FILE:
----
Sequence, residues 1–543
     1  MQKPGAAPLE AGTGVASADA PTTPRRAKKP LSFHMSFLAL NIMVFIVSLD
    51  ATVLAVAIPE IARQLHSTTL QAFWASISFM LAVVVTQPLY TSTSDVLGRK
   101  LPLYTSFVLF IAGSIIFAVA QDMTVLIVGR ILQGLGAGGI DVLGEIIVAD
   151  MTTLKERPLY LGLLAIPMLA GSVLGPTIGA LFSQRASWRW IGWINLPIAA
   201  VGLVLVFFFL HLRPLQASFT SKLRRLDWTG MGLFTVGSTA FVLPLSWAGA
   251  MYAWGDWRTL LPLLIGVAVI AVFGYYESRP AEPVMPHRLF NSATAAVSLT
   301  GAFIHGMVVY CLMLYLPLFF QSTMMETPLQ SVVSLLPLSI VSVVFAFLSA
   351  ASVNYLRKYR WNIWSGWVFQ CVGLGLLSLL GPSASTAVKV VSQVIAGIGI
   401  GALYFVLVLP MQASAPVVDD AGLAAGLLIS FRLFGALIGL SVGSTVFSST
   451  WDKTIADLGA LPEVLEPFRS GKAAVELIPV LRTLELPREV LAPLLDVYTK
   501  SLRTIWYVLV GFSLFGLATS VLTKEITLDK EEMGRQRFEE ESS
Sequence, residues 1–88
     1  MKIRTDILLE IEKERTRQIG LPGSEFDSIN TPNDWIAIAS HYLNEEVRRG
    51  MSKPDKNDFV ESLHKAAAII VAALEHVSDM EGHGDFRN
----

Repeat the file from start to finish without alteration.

Sequence, residues 1–543
     1  MQKPGAAPLE AGTGVASADA PTTPRRAKKP LSFHMSFLAL NIMVFIVSLD
    51  ATVLAVAIPE IARQLHSTTL QAFWASISFM LAVVVTQPLY TSTSDVLGRK
   101  LPLYTSFVLF IAGSIIFAVA QDMTVLIVGR ILQGLGAGGI DVLGEIIVAD
   151  MTTLKERPLY LGLLAIPMLA GSVLGPTIGA LFSQRASWRW IGWINLPIAA
   201  VGLVLVFFFL HLRPLQASFT SKLRRLDWTG MGLFTVGSTA FVLPLSWAGA
   251  MYAWGDWRTL LPLLIGVAVI AVFGYYESRP AEPVMPHRLF NSATAAVSLT
   301  GAFIHGMVVY CLMLYLPLFF QSTMMETPLQ SVVSLLPLSI VSVVFAFLSA
   351  ASVNYLRKYR WNIWSGWVFQ CVGLGLLSLL GPSASTAVKV VSQVIAGIGI
   401  GALYFVLVLP MQASAPVVDD AGLAAGLLIS FRLFGALIGL SVGSTVFSST
   451  WDKTIADLGA LPEVLEPFRS GKAAVELIPV LRTLELPREV LAPLLDVYTK
   501  SLRTIWYVLV GFSLFGLATS VLTKEITLDK EEMGRQRFEE ESS
Sequence, residues 1–88
     1  MKIRTDILLE IEKERTRQIG LPGSEFDSIN TPNDWIAIAS HYLNEEVRRG
    51  MSKPDKNDFV ESLHKAAAII VAALEHVSDM EGHGDFRN